Going back to uni, after a long Christmas break of too much food and alcohol and not knowing what day of the week it is, probably feels like a rocky road back to reality.
Add exams and deadlines to the mix and you may feel overwhelmed – and the new year only started a couple of weeks ago.
Although everyone has different stress coping mechanisms, it has been proved time and again that meditation, exercise and a balanced diet can massively improve your wellbeing.
When you’re a student, it can be difficult to find the time to do all of the above while studying for your exams, searching for placements, planning your future and working part time in a bar.
Here’s how to survive uni stress and stick to your goals…
According to 22 year-old Manchester University student and personal trainer Eryn Barber, half an hour of yoga followed by ten minutes of meditation in the morning can make a real difference to your day.
“If you wake up and take half an hour to yourself, whether it’s reading or meditation, you’re starting your day off right. You’re going to be calm and you’re heading into the day with a good mindset.”
The key to meditating isn’t clearing your mind of any thoughts, as Eryn explains, but teaching yourself to let them go.
“If you think about something that makes you angry, you should acknowledge the anger without actually reacting to the emotion.”
You can start off with no more than two minutes a day. No one can say they don’t have that time, since we all spend at least an hour scrolling through Instagram, and you can use apps for guided meditation like Calm; Stop, Breath & Think or Headspace, all of which are free and don’t require you to go all the way to the Buddhist centre in town.
Another way you can reduce your stress levels is making sure you get a good night’s rest. Students are always tired and that is mainly because their sleep patterns are as irregular as it can get.
“If one night you go to bed at 10 pm and the next one at 4 in the morning, your body won’t know when it’s time to be tired. Try to set up a time you go to bed every night and stick to it”, says Eryn.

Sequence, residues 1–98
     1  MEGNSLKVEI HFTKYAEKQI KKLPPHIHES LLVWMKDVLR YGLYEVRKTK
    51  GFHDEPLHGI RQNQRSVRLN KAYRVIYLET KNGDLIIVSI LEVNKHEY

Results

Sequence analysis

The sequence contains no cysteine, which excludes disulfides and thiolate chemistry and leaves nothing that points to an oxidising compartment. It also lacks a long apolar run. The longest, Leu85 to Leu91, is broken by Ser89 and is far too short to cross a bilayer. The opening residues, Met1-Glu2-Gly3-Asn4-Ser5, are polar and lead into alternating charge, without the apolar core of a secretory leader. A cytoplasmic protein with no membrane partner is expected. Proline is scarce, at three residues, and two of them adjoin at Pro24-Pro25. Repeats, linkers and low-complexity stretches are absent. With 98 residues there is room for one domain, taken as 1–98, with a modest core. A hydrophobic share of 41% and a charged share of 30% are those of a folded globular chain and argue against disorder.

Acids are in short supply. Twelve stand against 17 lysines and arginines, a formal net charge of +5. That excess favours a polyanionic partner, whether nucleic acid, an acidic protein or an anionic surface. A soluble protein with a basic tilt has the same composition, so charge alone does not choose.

Another golden tool to boost your wellbeing is good old exercise, which makes your brain release endorphins, the hormone of happiness. To make sure you stick to your plan to work out more in 2018, you need to make sure you enjoy it.
“Don’t go to the gym just because everyone on Instagram and all of your friends are doing booty building programmes and things like that,” says Eryn. “Go and play a sport that you like whether it’s netball or hockey or anything. Do something that you actually enjoy.
“Also, always look at the bigger picture. There were times when my best friend and I were sat in the car park at the gym for 20 minutes and then we drove back because it was raining.
“But we made this pact that whenever we go somewhere and we don’t want to do it, we’ll think about how we feel afterwards.
“Nobody wants to go to the gym when it’s raining but no one has come out after a yoga class and said I feel worse now.”
When it comes to having a balanced diet, Eryn says that, just like every other student, she always checks the price tag. But that doesn’t stop her from eating clean. One of her favourite tricks is using a slow cooker, which keeps all the nutrients and vitamins in the food.
“In the morning I just throw everything in the slow cooker and then when I come home at 8 o’clock at night, dinner’s ready on the table.”
If you want to improve your chances of standing by what you have promised yourself to achieve this new year, it’s important to take it step-by-step, says Eryn:
“The whole new year, new me thing, I just think by the time most people get to the end of January they’re back on the alcohol and the McDonald’s so it doesn’t really work.
“The best thing to do is to set a long-term goal. So if it’s weight, you could say I want to lose three stone over the course of the year. And then you set micro goals, like in two weeks I want to have done six gym classes.
“In two months, I want to have lost a stone but you say ‘I want to lose a stone by doing three gym sessions a week, eating home cooked meals, six out of seven days a week’. That is much more manageable because it’s easier to tick something off the list and feel a sense of achievement.
“Someone once said to me that they don’t like making New Year’s resolutions because that means you’re trying to resolve something that’s wrong and that is quite a negative way to look at it. Instead, you should be thinking in a more positive way like setting a goal.
“Most of the time, there’s no need to reinvent yourself into this new wholesome person that does everything perfectly and exercises and eats right all the time…
“You’re doing ok as you are.”